Have you ever thought how the crossbar vibrates when a high speed football hits it? How the stresses in the bar propagates?
In 1997, David Beckham while playing from Manchester United side took a historic rocket shot that was recorded at 97.9 mph (~157.6 kph). The ball hits the lower portion of the crossbar and went inside the goal to score against Chelsea1.
What if this tremendous kick hits directly the crossbar rather then hitting it only on the lower portion? How it will create the stresses and vibrations inside the crossbar?
Let’s have a look via dynamic analysis!
Project Link : https://www.simscale.com/workbench?publiclink=8311230a-1849-4acf-9213-dafd115bb7fc
Click on this link to directly import the project with the geometry into your workspace.
Geometry is courtesy of Ashish Kumar from GrabCAD. Later the goal post was added using Onshape.
Then follow the steps below for setting up the simulation.
- In the ‘Mesh Creator’ tab, click on the geometry ‘football_with_goal_post’
- Then, click on ‘Mesh geometry’ button in the options panel.
- A new mesh operation will be created. Select the first option ‘Tetrahedral automatic’. Change ‘Fineness’ to 1 - Very Coarse and ‘Number of computing cores’ to 8. Click ‘Start’ to start the meshing operation.
With in some minutes your mesh will be ready.
Now to setup the simulation, switch to the ‘Simulation Designer’ tab.
- Click on ‘Create new simulation’ in the options panel, give it a relevant name (optional) and click ‘Create’.
- Select the ‘Analysis Type’ options and then select ‘Dynamic analysis - advanced’ under ‘Solid mechanics’ and click on ‘Save’.
- First is ‘Domain’, where we select the created ‘Mesh’. Click on ‘Domain’ and select the available mesh and then on ‘Save’. The selected mesh will automatically load in the viewer. Furthermore, change render mode to ‘Surfaces’ on viewer top to interact with the mesh more easily.
- Once you saved the ‘Domain’, an inner domain tree will expand which will have contact options. Click ‘Physical Contacts’, change ‘Solution method’ to Augmented Lagrange, ‘Nonlinearity resolution’ to Newton and change the ‘Newton iteration criterion’ under ‘Details’ to 0.001. Set ‘Contact smoothing’ to true and click ‘Save’. Next click ‘Add Physical Contact connection’ to create a new physical contact.
- A new physical connection with a name of ‘Connection 1’ will be created. Change ‘Type’ to ‘Frictionless augmented lagrange contact’, select the upper crossbar face from viewer and then click on ‘Add selection to viewer’ under ‘Master entity’ in order to make selected face as master.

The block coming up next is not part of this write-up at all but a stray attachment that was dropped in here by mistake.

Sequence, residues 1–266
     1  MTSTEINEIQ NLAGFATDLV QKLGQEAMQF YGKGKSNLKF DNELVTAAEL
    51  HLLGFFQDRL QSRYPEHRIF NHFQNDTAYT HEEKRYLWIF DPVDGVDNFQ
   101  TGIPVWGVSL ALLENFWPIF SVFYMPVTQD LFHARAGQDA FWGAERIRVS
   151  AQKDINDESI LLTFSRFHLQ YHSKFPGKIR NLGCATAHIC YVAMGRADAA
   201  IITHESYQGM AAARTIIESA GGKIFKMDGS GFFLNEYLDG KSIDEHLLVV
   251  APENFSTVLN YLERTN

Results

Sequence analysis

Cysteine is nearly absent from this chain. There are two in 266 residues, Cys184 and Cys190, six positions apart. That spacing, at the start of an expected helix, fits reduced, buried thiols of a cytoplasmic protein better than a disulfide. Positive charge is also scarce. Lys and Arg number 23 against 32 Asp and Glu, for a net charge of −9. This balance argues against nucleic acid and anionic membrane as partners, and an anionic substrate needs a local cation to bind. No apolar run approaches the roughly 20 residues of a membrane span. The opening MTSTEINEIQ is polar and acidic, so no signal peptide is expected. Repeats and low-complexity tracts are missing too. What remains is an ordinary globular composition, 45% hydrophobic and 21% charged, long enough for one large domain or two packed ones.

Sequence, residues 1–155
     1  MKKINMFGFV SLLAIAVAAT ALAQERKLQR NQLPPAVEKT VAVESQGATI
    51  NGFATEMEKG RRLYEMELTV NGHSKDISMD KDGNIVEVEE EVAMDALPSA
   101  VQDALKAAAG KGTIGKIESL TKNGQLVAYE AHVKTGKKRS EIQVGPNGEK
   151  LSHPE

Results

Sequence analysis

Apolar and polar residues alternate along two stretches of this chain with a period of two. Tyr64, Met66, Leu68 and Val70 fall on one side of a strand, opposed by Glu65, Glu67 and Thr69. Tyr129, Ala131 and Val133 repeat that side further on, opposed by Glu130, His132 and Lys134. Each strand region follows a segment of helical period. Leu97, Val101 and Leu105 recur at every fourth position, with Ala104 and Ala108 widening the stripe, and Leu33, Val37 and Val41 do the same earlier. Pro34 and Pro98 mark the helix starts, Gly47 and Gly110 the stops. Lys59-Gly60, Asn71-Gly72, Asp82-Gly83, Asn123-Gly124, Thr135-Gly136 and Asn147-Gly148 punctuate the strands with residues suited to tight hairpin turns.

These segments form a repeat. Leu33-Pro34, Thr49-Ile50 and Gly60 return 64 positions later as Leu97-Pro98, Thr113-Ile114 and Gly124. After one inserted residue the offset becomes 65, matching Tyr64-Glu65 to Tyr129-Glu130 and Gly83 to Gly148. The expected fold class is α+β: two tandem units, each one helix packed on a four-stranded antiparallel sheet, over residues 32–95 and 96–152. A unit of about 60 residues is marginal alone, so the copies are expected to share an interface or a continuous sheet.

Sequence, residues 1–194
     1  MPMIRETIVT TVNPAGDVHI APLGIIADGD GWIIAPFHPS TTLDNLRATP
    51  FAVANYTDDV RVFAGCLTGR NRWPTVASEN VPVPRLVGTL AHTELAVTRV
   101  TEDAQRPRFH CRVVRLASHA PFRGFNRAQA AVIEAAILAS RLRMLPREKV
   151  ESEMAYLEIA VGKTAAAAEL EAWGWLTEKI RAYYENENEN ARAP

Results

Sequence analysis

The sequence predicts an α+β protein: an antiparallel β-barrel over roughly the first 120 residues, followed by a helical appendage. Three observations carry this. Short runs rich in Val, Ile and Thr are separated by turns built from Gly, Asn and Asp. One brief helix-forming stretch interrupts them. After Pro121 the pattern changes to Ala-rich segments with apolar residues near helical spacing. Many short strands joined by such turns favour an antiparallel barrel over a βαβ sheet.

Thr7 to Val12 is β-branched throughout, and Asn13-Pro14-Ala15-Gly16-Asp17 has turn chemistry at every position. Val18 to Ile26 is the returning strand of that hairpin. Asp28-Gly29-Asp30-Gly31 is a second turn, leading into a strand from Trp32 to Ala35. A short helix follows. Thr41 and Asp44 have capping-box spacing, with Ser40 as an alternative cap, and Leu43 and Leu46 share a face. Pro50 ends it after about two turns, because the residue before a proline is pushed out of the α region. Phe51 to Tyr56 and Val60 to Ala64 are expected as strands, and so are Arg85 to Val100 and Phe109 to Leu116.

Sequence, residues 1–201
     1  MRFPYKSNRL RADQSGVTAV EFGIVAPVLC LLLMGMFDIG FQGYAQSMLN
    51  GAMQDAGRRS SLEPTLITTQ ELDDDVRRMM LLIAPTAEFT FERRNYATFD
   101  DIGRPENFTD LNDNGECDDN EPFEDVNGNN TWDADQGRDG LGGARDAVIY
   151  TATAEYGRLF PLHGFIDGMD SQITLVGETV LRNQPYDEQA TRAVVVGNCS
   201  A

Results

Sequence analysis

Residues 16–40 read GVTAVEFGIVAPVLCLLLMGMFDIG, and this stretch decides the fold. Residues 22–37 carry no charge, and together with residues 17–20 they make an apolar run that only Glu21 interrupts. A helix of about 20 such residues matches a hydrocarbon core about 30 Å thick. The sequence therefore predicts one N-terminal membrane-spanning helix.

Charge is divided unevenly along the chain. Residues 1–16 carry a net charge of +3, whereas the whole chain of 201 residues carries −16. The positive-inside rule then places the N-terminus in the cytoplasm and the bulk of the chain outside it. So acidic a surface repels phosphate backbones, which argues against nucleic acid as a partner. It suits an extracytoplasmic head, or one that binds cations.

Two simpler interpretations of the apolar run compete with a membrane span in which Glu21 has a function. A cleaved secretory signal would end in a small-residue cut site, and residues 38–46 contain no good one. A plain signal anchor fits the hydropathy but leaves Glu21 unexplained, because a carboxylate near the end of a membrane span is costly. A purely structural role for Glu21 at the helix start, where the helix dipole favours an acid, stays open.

- Then scroll down, zoom the mesh and select the following faces as shown in the figure below. Next, click on ‘Add selection to viewer’ under ‘Slave entity’ in order to make selected faces as slave. Click ‘Save’ to finalize contact definition.
Under model comes the ‘Materials’, ‘Initial conditions’ and the ‘Boundary conditions’. We will go through them one by one.
- Click on ‘Materials’ and then on ‘Add Solid material’ in the options panel.
- A new material will be created. Scroll down to the bottom and click on ‘Import from material library’
- Select ‘Aluminum’ and click on ‘Save’
- From the ‘Topological Mapping’ list select ‘volumeOnGeoVolumes_0’, click ‘Select assignment’ button in order to make sure that right volume is assigned and then click ‘Save’ to assign aluminum to the crossbar.
- In order to assign material to the football volume, create new material by performing the same procedure and then change the material properties as show in figure below. Rename the material if required. Select ‘volumeOnGeoVolumes_1’ under ‘Topological Mapping’, click ‘Select assignment’ button in order to make sure that right volume is assigned and then click ‘Save’ to assign material to the football.
Before we assign the initial velocity to the ball, let’s see how the velocity values are calculated in order to get the resultant velocity equivalent to ~43.7 m/s (97.9 mph). The football is going to hit the crossbar at an angle of 20o with this resultant speed. Please see the figure below for the calculations.
- Click ‘Initial Conditions’, change ‘Type’ to Subdomain-based. Click ‘Save’. A ‘Subdomain’ section will open below. Click ‘Add subdomain’ to add initial velocity for a specific domain.
- Rename the ‘Subdomain’ (optional). Change the values of ‘ux’ and ‘uy’ as shown in figure. Select ‘volumeOnGeoVolumes_1’ under ‘Topological Mapping’, click ‘Select assignment’ button in order to make sure that right volume is assigned and then click ‘Save’ to give the defined initial velocity to football.
- Now we have to fix the goal post. Select ‘Constraint’ from tree and then click ‘Add Constraint boundary condition’ to add the boundary condition.
- Rename the ‘Constraint’ (optional). Zoom out the mesh in viewer and select both ground surfaces of the goal post. Click ‘Add selection to viewer’ to add the selected faces in ‘Topological Mapping’. Make sure that you are in mode before you select the faces. Scroll down and click ‘Save’ to save the constraint.
- Click ‘Numerics’ in tree. Change ‘Equation solver’ to MUMPS, ‘Time integration scheme’ to Hilber-Hughes-Taylor (HHT), ‘Convergence criteria type’ to absolute and change ‘Tolerance’ to 0.001. Click ‘Save’.
- Click on ‘Simulation Control’ in the tree. Change ‘Simulation interval [s]’ to 0.0042, ‘Initial time step length [s]’ to 0.000168, ‘Number of computing cores’ to 8, ‘Number of cores used for the computation’ to 2 and ‘Maximum runtime [s]’ to 14400. Then cllick ‘Save’.
- Click ‘Simluation Runs’ in the tree and select ‘Create new run’. Ignore the warning that pops up by clicking ‘OK’. Rename the run (optional) and then click ‘OK’ to create a new simulation run.
- Next click ‘Start’ to start the created simulation run.
The simulation run will take approx. 60 mins. Once it is done the status will change to ‘Finished’.
For post-processing, please see HERE